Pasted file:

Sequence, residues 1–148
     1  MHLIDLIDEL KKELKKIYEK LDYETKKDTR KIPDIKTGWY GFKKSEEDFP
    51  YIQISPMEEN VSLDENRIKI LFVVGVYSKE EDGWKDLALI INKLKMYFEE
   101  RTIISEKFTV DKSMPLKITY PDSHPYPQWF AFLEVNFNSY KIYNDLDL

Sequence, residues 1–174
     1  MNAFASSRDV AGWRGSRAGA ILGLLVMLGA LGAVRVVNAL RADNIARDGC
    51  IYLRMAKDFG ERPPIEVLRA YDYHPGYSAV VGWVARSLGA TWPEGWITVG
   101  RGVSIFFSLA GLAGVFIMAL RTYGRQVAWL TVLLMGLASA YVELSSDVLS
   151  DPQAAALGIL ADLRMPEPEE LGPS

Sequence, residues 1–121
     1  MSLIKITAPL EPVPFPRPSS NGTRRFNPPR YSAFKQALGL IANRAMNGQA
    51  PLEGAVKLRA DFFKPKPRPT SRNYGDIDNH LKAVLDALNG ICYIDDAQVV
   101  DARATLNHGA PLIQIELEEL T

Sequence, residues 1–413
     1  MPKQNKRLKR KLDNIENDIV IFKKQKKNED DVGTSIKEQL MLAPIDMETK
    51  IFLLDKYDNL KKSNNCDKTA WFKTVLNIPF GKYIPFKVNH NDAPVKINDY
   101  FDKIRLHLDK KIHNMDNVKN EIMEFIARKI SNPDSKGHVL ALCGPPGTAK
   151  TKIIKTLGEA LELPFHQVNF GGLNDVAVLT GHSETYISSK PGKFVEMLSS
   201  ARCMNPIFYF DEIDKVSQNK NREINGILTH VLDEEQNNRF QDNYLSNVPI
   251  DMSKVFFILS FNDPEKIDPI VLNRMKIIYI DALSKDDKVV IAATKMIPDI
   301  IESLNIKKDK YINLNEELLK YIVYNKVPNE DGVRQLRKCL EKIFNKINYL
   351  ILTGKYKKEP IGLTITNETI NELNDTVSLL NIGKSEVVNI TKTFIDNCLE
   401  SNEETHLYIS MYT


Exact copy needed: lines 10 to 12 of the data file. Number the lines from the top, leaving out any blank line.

Sequence, residues 1–121
     1  MSLIKITAPL EPVPFPRPSS NGTRRFNPPR YSAFKQALGL IANRAMNGQA
    51  PLEGAVKLRA DFFKPKPRPT SRNYGDIDNH LKAVLDALNG ICYIDDAQVV